ORIGINAL RESEARCH article
Volume 13 - 2022 | https://doi.org/10.3389/fpsyg.2022.873796
Effects of Hemodynamic Differences on the Assessment of Inter-Brain Synchrony Between Adults and Infants
- 1Keio University Global Research Institute, Keio University, Tokyo, Japan
- 2Faculty of Letters, Keio University, Tokyo, Japan
The simultaneous recording of brain activity in two or more people, termed hyperscanning, is an emerging field of research investigating the neural basis of social interaction. Hyperscanning studies of adult–infant dyads (e.g., parent and infant) have great potential to provide insights into how social functions develop. In particular, taking advantage of functional near-infrared spectroscopy (fNIRS) for its spatial resolution and invulnerability to motion artifacts, adult–infant fNIRS may play a major role in this field. However, there remains a problem in analyzing hyperscanning data between adult and young populations. Namely, there are intrinsic differences in hemodynamic time latencies depending on age, and the peak latency of the hemodynamic response function (HRF) is longer in younger populations. Despite this fact, the effects of such differences on quantified synchrony have not yet been examined. Consequently, the present study investigated the influence of intrinsic hemodynamic differences on wavelet coherence for assessing brain synchrony, and further examined the statistical removal of these effects through simulation experiments. First, we assumed a social signal model, where one counterpart of the dyad (e.g., infant) sends a social signal to the other (e.g., parent), which eventually results in simultaneous brain activation. Based on this model, simulated fNIRS activation sequences were synthesized by convolving boxcar event sequences with HRFs. We set two conditions for the event: synchronized and asynchronized event conditions. We also modeled the HRFs of adults and infants by referring to previous studies. After preprocessing with additional statistical processing, we calculated the wavelet coherence for each synthesized fNIRS activation sequence pair. The simulation results showed that the wavelet coherence in the synchronized event condition was attenuated for the combination of different HRFs. We also confirmed that prewhitening via an autoregressive filter could recover the attenuation of wavelet coherence in the 0.03–0.1 Hz frequency band, which was regarded as being associated with synchronous neural activity. Our results showed that variability in hemodynamics affected the analysis of inter-brain synchrony, and that the application of prewhitening is critical for such evaluations between adult and young populations.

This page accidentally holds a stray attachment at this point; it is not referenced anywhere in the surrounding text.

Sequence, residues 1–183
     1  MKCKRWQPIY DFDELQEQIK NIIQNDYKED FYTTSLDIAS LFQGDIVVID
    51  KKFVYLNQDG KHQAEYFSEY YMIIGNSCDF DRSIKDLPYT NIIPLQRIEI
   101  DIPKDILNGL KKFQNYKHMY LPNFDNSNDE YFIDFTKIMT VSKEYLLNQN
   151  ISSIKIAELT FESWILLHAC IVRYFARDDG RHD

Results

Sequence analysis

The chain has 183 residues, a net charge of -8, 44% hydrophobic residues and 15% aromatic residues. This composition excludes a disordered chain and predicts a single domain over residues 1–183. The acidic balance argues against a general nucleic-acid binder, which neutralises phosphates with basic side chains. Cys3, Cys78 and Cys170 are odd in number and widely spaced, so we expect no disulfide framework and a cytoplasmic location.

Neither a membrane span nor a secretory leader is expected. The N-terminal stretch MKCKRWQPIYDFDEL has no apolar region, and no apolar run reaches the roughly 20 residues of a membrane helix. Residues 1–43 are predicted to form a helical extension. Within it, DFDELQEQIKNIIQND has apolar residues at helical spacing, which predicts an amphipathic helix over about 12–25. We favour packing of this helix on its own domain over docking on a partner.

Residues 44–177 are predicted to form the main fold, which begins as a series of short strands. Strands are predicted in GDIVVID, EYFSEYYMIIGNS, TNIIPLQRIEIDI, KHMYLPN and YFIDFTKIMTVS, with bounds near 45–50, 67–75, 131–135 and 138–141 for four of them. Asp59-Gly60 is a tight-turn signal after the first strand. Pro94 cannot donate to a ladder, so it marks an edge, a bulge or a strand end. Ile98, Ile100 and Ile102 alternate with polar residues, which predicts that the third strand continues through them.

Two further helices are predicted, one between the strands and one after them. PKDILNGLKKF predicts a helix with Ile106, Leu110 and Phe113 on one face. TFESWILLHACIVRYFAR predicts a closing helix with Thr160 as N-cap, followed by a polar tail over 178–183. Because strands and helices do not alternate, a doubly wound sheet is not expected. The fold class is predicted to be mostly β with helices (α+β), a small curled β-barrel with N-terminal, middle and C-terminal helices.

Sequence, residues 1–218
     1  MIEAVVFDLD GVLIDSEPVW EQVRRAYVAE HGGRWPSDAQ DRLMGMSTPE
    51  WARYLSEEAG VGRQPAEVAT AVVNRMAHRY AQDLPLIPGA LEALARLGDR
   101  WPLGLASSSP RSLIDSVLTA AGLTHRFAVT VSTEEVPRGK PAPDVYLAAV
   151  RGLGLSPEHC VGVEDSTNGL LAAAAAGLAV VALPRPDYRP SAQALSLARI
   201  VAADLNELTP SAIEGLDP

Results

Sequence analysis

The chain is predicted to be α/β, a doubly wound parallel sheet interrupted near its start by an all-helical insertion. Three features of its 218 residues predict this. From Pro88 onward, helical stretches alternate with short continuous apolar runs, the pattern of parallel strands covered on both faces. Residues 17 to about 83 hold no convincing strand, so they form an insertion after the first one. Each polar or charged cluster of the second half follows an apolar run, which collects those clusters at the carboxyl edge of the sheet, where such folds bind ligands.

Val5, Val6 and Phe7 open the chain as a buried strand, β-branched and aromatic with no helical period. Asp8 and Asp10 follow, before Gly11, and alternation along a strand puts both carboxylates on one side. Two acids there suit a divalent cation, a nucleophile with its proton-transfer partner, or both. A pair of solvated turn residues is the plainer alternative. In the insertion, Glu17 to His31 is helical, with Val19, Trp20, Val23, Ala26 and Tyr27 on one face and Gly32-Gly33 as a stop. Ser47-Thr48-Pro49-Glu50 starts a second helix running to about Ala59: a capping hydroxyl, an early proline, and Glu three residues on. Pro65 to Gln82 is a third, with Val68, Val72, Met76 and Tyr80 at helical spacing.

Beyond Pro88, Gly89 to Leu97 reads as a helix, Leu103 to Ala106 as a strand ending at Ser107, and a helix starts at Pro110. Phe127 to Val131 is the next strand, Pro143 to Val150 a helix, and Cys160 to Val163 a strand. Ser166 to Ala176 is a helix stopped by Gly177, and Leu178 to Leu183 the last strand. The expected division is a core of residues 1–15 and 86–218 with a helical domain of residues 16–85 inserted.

Hyperscanning—the simultaneous measurement of brain activity from multiple individuals—is an efficient approach to assess the neural basis of social interaction. Since the first hyperscanning study in 2011 (Funane et al., 2011), many studies have used functional near-infrared spectroscopy (fNIRS) for hyperscanning. fNIRS is suitable for conducting hyperscanning experiments on social interaction because fNIRS Signals have sufficient spatial resolution on the cerebral surface and are less affected by electrical and motion artifacts than electroencephalography. Furthermore, fNIRS can be measured in more natural unconstrained settings than functional magnetic resonance imaging (fMRI) and magnetoencephalography (Balardin et al., 2017). These advantages of fNIRS enable us to conduct brain measurements during spontaneous social interactions, including eye contact, facial expressions, and gestures, in a realistic environment (Czeszumski et al., 2020). In particular, fNIRS is suited for measuring neural activity in young children (Lloyd-Fox et al., 2010) and is the best tool for conducting hyperscanning studies with infants (Minagawa et al., 2018).